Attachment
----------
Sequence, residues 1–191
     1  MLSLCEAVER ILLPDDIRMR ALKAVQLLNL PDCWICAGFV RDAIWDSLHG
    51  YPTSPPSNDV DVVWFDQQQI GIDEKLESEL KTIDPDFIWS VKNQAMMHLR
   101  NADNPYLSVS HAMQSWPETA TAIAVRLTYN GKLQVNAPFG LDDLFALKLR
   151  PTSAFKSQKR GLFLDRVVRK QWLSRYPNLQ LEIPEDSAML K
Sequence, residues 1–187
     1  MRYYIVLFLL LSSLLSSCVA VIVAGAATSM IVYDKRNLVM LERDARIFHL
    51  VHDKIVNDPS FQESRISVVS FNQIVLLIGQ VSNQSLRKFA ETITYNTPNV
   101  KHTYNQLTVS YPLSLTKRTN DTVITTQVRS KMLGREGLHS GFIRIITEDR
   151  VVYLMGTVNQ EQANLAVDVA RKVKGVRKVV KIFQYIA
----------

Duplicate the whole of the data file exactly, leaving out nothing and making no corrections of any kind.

Sequence, residues 1–191
     1  MLSLCEAVER ILLPDDIRMR ALKAVQLLNL PDCWICAGFV RDAIWDSLHG
    51  YPTSPPSNDV DVVWFDQQQI GIDEKLESEL KTIDPDFIWS VKNQAMMHLR
   101  NADNPYLSVS HAMQSWPETA TAIAVRLTYN GKLQVNAPFG LDDLFALKLR
   151  PTSAFKSQKR GLFLDRVVRK QWLSRYPNLQ LEIPEDSAML K
Sequence, residues 1–187
     1  MRYYIVLFLL LSSLLSSCVA VIVAGAATSM IVYDKRNLVM LERDARIFHL
    51  VHDKIVNDPS FQESRISVVS FNQIVLLIGQ VSNQSLRKFA ETITYNTPNV
   101  KHTYNQLTVS YPLSLTKRTN DTVITTQVRS KMLGREGLHS GFIRIITEDR
   151  VVYLMGTVNQ EQANLAVDVA RKVKGVRKVV KIFQYIA